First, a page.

I have just spent a week by the Oxford Canal. Everyday I walked the same stretch of towpath from Jericho, at the heart of Oxford city’s canal history, upstream for several miles, and back.
Stepping out briskly I could have covered the distance in an hour or less, but I had another idea. I set out to walk each day with only one rule, to do no more than walk and to notice. To take time and let any of my five senses dictate where I slowed down, or backtracked for a bit, or stopped to stand or sit.
As hunter-gatherers our ancestors’ crucial skill was the ability to walk whilst fully immersed in the world around them. Walking using all the senses was a way to observe ripening seeds and fruits, follow the ways of animals to be hunted or avoided, sense the patterns of weather and seasons, pick up stones and sticks that would make tools, feel a way through their interactions with other humans who might be competitors or allies. I wanted to know if the combined ability to walk and notice was still part of our DNA.
A canal seemed a rewarding laboratory for the experiment, a modern equivalent of the hunter-gatherers’ world. A towpath is part nature, part man-mediated, balanced between creeping wilderness and human intervention. It’s accessible, doesn’t need clever route-finding, isn’t drowned in traffic noise, and above all, the odd cyclist or speeding mallard apart, life still moves at walking speed.
I walk in the early evening and immediately fall into the familiar and habitual. Birdwatching. I stop to listen to a cock blackbird singing from a hawthorn. Quarter of an hour passes in thoughtlessness. Thoughtless is good, in this experiment. I stop again to watch a bachelor party of mallard drakes who one after another splash-jump and scrabble up the bank onto a boardwalk at the end of a garden to settle down and tuck their bills back under their wings, becoming three colourful rugby balls in shape.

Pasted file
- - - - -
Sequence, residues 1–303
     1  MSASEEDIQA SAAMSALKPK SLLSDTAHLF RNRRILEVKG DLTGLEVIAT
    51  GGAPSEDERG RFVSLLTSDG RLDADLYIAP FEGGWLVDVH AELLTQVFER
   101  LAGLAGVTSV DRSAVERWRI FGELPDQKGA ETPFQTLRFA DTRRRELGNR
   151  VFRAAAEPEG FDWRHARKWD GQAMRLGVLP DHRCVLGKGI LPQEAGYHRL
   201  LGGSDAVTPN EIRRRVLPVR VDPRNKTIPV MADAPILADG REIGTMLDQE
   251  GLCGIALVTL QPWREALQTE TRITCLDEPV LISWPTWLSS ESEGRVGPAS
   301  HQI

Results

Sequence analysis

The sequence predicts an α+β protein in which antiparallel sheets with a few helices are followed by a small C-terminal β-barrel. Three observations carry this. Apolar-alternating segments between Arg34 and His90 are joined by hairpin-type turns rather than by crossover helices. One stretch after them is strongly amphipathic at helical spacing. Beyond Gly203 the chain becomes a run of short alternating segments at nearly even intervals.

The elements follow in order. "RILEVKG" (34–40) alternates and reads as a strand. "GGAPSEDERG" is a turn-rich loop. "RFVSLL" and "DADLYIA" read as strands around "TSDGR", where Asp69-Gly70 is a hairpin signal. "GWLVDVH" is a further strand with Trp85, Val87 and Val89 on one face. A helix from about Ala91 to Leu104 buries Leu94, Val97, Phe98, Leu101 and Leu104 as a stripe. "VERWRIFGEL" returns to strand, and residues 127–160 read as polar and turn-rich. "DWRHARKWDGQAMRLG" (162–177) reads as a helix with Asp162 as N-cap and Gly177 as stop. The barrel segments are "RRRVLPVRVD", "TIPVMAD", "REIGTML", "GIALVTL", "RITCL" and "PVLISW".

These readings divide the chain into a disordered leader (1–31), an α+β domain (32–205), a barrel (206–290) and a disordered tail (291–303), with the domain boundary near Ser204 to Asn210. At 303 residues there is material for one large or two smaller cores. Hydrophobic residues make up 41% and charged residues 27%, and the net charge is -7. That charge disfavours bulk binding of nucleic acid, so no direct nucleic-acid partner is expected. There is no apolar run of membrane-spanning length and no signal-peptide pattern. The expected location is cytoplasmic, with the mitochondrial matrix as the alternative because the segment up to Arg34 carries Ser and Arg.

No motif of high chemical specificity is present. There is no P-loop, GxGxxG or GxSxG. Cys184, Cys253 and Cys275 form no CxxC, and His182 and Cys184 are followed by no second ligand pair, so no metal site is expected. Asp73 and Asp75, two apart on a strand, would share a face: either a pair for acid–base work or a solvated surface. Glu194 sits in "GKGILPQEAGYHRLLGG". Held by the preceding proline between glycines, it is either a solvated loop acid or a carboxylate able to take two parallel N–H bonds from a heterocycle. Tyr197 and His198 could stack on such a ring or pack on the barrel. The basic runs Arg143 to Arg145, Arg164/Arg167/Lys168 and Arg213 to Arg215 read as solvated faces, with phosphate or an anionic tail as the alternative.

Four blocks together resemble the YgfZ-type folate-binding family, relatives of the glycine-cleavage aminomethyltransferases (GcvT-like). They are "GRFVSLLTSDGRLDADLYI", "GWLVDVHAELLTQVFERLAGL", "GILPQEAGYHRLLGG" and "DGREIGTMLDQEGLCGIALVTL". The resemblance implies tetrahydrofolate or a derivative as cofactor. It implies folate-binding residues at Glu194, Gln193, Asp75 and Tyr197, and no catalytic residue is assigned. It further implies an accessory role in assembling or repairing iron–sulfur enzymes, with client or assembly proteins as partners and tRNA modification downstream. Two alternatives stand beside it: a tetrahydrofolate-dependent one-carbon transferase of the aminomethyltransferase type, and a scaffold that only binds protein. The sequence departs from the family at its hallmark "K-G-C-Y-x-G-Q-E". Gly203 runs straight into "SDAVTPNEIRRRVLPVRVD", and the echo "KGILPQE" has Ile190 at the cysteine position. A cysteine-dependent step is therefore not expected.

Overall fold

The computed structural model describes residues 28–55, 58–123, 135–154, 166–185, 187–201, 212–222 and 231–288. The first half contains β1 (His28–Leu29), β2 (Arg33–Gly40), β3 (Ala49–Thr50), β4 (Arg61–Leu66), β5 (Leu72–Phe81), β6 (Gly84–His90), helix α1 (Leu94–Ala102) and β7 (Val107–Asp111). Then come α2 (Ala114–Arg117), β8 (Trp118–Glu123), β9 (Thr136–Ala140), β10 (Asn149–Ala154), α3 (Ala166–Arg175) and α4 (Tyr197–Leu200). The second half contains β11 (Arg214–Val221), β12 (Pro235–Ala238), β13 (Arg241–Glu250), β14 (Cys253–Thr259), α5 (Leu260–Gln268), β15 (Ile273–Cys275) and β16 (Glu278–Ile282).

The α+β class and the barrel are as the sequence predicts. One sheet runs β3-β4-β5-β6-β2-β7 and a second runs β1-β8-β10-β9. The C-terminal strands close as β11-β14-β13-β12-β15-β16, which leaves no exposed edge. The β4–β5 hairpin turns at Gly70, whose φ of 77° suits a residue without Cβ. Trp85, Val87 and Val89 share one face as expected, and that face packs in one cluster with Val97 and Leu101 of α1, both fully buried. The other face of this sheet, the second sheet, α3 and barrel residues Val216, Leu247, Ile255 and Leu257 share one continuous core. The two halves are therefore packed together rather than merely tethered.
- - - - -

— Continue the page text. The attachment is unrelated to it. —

Gulls flying high above me are following the waterway in all its straights and turns. I wonder if they use it for navigation. Back on the edge of Jericho, I see something small and dark hunched in the grass by the towpath. A rat, I think, as the shape scuttles to the water. I hear a small splash and briefly see the animal swimming before it disappears. It’s not the doggy paddle of a brown rat but the practised sculling of a water vole. They’re making a comeback along the Oxford Canal but I wouldn’t have expected to see one so close to the city.
Evening, again. My attention is caught more by the human life than the wildlife today. The houses along the far bank catch my attention. Gardens running down to the water. Writing sheds. Benches. Barbecues. The canal is part of each property, and all in different ways, but none ignore it.
There are fleets of small boats ashore or moored. Impulse purchase blow-ups, derelict rowing boats, smart skiffs, the aspirational and the practical. Only one boat is being used. A woman is rowing a small boat I’d seen moored at a jetty a mile away the day before. She stopped for a while, the boat drifting along under its own momentum, as she looked dreamily up into the towering ash and willow trees hanging over this stretch. She seems to be rowing like I’m walking.
A late afternoon stroll into evening. I recognise several purposeful commuters, bags over their shoulders, some in suits, from the previous days. Couples are lost in conversation; or in their phone screens. There are dog-walkers being pulled by or pulling at leads. Narrowboats on permanent moorings against the far bank show all the signs of home making; the accumulation of fuels and outdoor furniture and ropes and boxes along their roofs.
Boats on the near side visitors moorings, have picnic-type meals laid out, excited dogs, and less clutter from everyday life. Several crews are outside in the warm weather drinking wine or beer. Relaxed. By the second bridge I stop to watch two magnet fishermen throwing their lines into the waters, and pulling out bits of pipe, a length of chain and an old bucket. At the next bridge a bicycle fished from the canal is leant up against the brickwork. It’s a kind of hunter-gathering, I think.
I have two borrowed dogs today. They take me for a walk. I stop when they stop. They’re experiencing the towpath through their noses. Five minutes at one patch of grass, sniffing and snuffling. A few minutes around a stand of dock leaves. A quick inhalation passing a bridge corner. My sense of smell is poor but even I can smell the exhaust and diesel whiff of a passing boat, and the warm muddy water churned up at its stern.